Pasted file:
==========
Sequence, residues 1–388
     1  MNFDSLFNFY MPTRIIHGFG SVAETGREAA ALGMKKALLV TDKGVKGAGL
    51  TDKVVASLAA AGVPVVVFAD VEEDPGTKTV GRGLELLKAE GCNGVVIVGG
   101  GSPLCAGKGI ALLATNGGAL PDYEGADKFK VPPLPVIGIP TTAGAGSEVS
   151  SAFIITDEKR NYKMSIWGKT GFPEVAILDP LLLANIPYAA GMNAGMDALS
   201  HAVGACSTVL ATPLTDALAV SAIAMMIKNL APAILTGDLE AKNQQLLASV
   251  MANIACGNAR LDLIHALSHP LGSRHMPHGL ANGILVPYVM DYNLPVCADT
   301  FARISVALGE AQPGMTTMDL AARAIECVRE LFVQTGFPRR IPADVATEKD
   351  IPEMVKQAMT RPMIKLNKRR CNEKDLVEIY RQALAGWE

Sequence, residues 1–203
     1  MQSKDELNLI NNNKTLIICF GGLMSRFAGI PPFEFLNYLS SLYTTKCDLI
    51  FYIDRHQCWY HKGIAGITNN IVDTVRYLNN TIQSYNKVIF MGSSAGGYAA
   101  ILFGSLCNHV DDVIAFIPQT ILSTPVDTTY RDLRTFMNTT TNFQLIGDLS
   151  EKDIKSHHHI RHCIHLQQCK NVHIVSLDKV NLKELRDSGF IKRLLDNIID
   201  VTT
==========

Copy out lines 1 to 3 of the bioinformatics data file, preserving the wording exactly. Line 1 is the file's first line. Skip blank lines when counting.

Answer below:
Sequence, residues 1–388
     1  MNFDSLFNFY MPTRIIHGFG SVAETGREAA ALGMKKALLV TDKGVKGAGL
    51  TDKVVASLAA AGVPVVVFAD VEEDPGTKTV GRGLELLKAE GCNGVVIVGG